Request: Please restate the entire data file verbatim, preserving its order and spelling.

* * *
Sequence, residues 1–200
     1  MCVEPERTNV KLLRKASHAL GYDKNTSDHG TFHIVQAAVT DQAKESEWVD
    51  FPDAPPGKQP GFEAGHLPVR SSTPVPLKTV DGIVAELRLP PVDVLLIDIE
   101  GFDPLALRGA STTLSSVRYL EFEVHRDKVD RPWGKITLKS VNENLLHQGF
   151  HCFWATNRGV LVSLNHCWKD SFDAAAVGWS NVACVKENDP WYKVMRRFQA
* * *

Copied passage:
Sequence, residues 1–200
     1  MCVEPERTNV KLLRKASHAL GYDKNTSDHG TFHIVQAAVT DQAKESEWVD
    51  FPDAPPGKQP GFEAGHLPVR SSTPVPLKTV DGIVAELRLP PVDVLLIDIE
   101  GFDPLALRGA STTLSSVRYL EFEVHRDKVD RPWGKITLKS VNENLLHQGF
   151  HCFWATNRGV LVSLNHCWKD SFDAAAVGWS NVACVKENDP WYKVMRRFQA